Kurt Kuebler is a Partner of KOPPLIN KUEBLER & WALLACE, The Most Trusted Name in Private Club Executive Placement.

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The War for Talent

If you look after your staff, they’ll look after your customers. It’s that simple. – Richard Branson

Human Capital is every company’s most valuable resource, but it can be a daunting struggle attracting the best and brightest and keeping them. Strengthen your battlefield by getting the Human Resource (HR) Committee involved in the war.

We don’t typically encourage clubs to increase committee activity; however, when it comes to finding leadership talent, you must be willing to fight the battles that get you only the best for your club and your members.

Just as a Leader Development Committee will do the hard work of vetting potential leaders for healthy Club Governance, the HR Committee is invaluable in doing the hard work of cultivating the right employees and developing a working culture for your team.

Every club has a membership roster that no doubt includes top professionals from top companies that you should leverage. Their expertise in Human Resources is of utmost value because HR is the foundation of a solid operation.

While other committees are vital in their ability to provide counsel and feedback in their advisory role regarding the needs, concerns and wants of the Membership, the HR Committee is essential in creating the foundation for delivering on Club Strategic Goals like nothing else can. Neither Bylaws nor Membership Plans are as important as your HR Plan.

Leverage the member resources you have by filling your HR Committee with business professionals from top public companies that have a firm understanding of the eight major functions of HR Management (see charter below). Very few clubs have the resources to employ a fully staffed HR Team that can fully deliver on all eight functions adequately. You simply must engage an HR Committee. When you consider the risks associated with not having a strong HR program, you simply have no choice but to examine this aspect of your club and begin implementing the strategies that work for your culture.

Your team and your future teammates will judge you not only on your operation, reputation and membership levels; their first impression will come from the HR experience.  The stronger your human relations, the stronger your club.

Six Key Fighting Strategies to HR Success

  1. Recruiting: First, you must recruit from only the best sources. You must know where you’re going to look, how you’re going to market and when. Build your plan of attack for the “war on talent” whether it’s specific job posting websites and apps; your website; networking; job fairs or word-of-mouth.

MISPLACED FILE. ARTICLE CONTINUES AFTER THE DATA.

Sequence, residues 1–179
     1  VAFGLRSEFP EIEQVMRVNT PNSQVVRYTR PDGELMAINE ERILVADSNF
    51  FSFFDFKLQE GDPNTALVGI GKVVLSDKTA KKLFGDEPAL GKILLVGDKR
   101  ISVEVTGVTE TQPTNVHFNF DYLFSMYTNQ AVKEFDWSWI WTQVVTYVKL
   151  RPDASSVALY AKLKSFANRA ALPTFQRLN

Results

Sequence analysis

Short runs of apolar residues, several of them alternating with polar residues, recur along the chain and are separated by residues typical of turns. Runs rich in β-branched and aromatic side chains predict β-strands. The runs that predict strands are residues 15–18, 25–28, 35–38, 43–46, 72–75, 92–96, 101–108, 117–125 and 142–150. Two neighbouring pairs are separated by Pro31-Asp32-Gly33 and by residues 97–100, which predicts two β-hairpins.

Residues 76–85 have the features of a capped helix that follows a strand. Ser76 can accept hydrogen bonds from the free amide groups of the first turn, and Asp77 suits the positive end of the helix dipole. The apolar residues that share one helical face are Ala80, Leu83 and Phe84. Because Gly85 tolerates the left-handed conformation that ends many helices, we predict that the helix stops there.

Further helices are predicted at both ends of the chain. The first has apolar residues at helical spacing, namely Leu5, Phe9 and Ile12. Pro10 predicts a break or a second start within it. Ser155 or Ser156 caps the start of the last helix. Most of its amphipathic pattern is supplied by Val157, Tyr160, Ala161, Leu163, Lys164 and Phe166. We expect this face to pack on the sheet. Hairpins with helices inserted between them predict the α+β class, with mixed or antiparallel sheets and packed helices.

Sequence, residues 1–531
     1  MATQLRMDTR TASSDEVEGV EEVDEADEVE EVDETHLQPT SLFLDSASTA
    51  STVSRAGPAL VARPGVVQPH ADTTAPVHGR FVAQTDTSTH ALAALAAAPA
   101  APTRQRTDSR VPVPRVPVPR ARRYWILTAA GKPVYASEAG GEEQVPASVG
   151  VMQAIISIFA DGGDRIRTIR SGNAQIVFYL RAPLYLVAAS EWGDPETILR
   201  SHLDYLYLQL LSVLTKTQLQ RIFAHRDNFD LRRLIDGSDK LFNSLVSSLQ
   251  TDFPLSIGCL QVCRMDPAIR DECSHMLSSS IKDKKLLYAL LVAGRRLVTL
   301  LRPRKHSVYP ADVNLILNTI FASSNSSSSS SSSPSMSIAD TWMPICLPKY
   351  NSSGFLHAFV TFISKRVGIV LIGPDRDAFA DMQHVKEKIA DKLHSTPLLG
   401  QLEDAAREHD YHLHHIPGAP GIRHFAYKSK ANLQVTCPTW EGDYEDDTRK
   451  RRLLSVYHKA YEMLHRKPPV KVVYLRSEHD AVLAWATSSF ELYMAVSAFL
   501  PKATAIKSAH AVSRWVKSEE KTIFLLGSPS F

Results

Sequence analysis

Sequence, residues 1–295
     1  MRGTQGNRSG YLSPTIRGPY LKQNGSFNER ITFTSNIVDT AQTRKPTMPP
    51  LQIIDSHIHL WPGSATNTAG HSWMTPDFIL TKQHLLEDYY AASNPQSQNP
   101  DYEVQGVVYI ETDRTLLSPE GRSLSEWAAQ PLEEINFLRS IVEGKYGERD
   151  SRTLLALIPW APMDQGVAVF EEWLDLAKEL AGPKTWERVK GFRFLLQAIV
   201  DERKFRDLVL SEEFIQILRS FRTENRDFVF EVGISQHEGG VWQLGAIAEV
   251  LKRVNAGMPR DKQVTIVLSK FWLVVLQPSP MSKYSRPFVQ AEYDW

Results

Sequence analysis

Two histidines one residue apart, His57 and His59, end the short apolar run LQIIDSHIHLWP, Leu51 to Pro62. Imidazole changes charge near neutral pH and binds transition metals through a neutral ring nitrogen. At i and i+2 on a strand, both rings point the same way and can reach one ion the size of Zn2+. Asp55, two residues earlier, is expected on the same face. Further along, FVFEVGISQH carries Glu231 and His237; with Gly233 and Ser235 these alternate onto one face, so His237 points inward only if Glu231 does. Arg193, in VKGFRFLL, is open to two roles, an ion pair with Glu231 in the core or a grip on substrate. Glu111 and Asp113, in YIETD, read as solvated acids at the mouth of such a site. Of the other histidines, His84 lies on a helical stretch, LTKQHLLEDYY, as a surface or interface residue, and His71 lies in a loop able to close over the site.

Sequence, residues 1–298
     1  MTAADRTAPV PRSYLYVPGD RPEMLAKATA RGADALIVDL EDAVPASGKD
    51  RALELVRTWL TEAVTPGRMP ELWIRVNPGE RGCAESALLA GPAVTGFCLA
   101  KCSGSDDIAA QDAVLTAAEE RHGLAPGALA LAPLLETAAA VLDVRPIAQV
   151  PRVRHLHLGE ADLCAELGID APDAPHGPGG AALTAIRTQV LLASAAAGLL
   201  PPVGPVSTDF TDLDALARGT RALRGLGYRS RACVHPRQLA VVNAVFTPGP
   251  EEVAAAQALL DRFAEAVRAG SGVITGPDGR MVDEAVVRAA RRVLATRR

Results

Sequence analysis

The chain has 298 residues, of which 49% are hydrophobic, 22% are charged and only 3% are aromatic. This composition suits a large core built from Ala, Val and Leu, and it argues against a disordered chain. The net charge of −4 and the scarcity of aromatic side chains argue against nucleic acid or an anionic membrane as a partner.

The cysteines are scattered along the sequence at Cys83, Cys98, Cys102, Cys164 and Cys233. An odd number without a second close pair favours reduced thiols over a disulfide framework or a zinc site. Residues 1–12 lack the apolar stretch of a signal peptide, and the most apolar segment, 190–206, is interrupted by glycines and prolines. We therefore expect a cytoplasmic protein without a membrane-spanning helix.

2. Vetting: Your application process must be streamlined so you can track applications and input resume vitals into a database that has reliable information from which to mine. Too often we gather applications and resumes from a variety of untested sources; scan them with no consistent vetting; grade them for next steps (interview, save or discard) and then move to the interview stage with our selected few without creating a valuable recruiting source that this information can provide.
  3. Onboarding: The new teammate orientation and onboarding should consist of not only a full campus tour but a full day of introduction: an introduction to the team; to your club’s culture and history; a comprehensive review of rules and regulations; and the clubs vision and mission or branding. It is vital that each new hire has all the tools necessary to succeed. If an employee leaves or fails because of a lack of resources, that is the club’s fault.
  4. Culture Setting: The Orientation is the blocking and tackling. Culture setting takes place when the team has a clear understanding of the club’s Mission, Vision and Core Values. The teammate must have an internal understanding of why they work at the club, who they work for and why they love what they are doing.
  5. Training: Training and development is the heart of a successful organization. The seriousness and consistency of how your organization trains and develops its team is the key to a strong reputation which in turn leads to being viewed as a great place to work and a hard place to leave.
  6. Reward and Recognition: Making sure your team understands that it’s part of your culture to recognize the great work that they do as an invaluable tool to ensure their tenure and long-term enjoyment. There are hundreds of programs and ways to make sure you do it. The important thing is to create a culture that encourages and inspires the leadership team. Seek out opportunities to give positive feedback to your team and thank them for being the most important part of what makes your club great.

Effective HR Charter Outline

As with any committee, you must have a Charter for Human Resources that definitively spells out the expectations and scope of work. The HR Committee is an important ally in the fight for your best troops, so give them their marching orders by managing the process through an effective charter. Each year, review the Charter and create strategic goals with measurable success criteria with your committee chair.

Purpose

  • Help COO or CEO ensure that the Club is an employer of choice in your region through the delivery of the eight major functions of HRM.

Membership

  • The Human Resources Committee shall consist of at least three members but not more than seven.

Responsibilities/Scope of Work

  1. Job Analysis & Design
    1. Help COO or CEO create a hierarchy with an organizational chart and job profiles.
  2. Recruitment & Selection
    –  Recruitment: Identify best sources.
    –  Selection: Help create application process SOP
  3. Onboarding/Orientation/Culture Setting